Yes, it is, but the meaning has changed. The word relatable used to mean that something could be told or that it was connected to something else. Now, it usually describes a situation in which someone has a personal connection to something.
- able to be shown or established to have a causal or logical connection to something
- able to be related to : possible to understand, like, or have sympathy for because of similarities to oneself or one’s own experiences
Relatable is all over the media. Every show, book, movie, news story, tweet or post is relatable to someone. And this isn’t anything new, just something I’ve been thinking about lately.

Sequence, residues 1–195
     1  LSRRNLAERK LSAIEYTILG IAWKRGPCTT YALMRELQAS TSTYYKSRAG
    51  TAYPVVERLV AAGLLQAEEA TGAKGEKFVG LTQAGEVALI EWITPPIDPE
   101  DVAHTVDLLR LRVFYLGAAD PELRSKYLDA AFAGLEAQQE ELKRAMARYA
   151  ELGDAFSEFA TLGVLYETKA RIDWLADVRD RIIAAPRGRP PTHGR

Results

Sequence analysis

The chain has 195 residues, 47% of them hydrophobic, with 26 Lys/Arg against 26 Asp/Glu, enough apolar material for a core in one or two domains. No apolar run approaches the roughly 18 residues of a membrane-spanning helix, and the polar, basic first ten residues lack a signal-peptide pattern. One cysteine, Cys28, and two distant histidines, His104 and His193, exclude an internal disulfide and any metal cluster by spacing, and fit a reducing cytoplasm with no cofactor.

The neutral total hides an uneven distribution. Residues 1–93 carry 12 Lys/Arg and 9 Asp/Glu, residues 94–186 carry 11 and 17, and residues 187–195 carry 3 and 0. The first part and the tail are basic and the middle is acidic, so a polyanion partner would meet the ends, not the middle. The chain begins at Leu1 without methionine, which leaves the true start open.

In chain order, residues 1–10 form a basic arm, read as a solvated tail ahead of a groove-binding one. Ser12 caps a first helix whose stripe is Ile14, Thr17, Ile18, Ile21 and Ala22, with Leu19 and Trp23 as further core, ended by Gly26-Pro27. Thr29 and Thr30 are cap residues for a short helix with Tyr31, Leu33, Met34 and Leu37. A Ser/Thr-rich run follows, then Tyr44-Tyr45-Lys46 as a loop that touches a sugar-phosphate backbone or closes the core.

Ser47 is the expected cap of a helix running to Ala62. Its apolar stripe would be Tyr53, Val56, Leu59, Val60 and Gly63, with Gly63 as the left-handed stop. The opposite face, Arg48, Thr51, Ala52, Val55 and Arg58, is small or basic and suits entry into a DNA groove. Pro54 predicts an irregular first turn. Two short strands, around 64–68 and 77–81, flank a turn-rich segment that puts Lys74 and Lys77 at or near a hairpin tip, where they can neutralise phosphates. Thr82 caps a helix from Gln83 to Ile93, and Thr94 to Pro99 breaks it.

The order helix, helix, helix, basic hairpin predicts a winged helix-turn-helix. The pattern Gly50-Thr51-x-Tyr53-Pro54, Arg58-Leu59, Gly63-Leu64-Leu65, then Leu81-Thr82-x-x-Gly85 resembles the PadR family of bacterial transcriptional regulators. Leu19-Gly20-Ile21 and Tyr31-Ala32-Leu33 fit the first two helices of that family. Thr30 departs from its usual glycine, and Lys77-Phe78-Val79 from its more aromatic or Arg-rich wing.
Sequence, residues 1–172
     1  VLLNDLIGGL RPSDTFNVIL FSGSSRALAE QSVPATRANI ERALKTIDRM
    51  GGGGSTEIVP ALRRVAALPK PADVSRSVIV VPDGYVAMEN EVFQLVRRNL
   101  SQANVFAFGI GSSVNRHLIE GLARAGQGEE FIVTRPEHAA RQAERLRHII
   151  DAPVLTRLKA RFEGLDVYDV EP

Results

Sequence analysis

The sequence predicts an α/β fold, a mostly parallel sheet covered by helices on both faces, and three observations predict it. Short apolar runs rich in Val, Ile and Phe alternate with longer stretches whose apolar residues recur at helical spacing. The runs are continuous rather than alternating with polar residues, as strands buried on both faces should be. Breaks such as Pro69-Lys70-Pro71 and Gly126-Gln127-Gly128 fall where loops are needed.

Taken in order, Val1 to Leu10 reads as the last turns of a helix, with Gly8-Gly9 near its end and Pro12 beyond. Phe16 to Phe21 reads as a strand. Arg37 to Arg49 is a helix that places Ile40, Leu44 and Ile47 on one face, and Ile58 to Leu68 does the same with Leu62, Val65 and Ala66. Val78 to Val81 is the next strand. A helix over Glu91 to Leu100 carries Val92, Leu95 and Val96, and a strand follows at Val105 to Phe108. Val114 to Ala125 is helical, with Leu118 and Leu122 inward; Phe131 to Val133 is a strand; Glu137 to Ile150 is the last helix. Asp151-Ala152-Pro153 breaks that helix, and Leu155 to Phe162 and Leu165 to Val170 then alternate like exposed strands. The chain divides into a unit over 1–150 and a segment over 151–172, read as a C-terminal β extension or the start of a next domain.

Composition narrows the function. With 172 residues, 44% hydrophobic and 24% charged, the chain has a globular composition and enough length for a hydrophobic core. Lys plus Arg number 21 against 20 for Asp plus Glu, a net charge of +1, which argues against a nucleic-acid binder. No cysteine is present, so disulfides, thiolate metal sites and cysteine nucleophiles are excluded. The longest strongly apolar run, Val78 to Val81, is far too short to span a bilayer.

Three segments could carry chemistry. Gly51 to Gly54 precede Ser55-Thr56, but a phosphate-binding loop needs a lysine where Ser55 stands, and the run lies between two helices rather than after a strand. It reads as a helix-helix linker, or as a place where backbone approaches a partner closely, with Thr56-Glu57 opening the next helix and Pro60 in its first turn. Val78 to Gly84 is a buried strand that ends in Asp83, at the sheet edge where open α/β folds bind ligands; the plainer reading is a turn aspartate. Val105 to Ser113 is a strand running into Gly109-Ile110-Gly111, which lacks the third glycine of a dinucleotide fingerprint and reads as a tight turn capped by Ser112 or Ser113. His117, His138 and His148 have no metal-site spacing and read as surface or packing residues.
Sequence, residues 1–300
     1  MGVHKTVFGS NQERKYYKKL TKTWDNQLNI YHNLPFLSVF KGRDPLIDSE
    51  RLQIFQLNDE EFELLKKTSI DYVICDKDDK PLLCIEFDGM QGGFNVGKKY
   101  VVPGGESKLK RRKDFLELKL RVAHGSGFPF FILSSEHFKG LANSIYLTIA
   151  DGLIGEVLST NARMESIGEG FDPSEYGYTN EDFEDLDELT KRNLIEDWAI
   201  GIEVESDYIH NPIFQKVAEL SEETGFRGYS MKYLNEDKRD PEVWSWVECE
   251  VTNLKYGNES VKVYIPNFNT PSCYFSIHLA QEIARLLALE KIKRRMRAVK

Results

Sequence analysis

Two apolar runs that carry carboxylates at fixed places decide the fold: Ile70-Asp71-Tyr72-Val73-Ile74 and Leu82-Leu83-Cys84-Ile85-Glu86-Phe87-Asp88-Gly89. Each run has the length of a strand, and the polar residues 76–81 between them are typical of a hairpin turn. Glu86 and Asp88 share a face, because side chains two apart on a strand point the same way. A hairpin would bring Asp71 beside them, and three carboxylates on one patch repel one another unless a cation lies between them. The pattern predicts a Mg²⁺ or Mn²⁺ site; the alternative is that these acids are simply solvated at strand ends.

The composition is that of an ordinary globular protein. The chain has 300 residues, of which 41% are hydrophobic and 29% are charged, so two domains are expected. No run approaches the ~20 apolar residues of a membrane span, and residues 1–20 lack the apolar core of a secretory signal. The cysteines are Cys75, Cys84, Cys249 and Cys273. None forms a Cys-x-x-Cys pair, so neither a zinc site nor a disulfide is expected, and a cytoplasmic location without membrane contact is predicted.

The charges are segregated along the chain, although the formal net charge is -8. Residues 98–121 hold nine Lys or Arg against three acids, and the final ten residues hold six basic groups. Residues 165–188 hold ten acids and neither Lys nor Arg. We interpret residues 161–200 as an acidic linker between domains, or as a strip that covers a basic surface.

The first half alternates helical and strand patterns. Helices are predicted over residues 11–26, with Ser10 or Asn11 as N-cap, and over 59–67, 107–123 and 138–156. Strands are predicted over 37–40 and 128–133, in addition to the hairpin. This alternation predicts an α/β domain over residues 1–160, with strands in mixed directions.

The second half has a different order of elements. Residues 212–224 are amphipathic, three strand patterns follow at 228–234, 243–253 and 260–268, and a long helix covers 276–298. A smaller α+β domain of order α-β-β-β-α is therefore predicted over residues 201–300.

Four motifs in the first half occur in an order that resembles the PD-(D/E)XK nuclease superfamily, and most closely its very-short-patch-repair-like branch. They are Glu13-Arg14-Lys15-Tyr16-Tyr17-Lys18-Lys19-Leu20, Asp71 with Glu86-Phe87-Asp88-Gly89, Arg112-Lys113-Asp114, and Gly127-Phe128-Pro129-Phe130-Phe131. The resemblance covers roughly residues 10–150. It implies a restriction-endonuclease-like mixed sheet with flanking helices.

Professors and high school teachers have bemoaned its overuse and some say that students need to pay attention to things that are not relatable so they can understand them better.
For more information, read Ben Zimmer’s 2010 New York Times article in which he explains the origins of the word, and Rebecca Onion’s 2014 article in Slate, where she says the word’s overuse bothers her. Me? I’m not bothered by it. It may be a lazy way of saying you get something, without explaining why, but it’s an otherwise nice word—and that’s relatable!
What’s your opinion on relatable?
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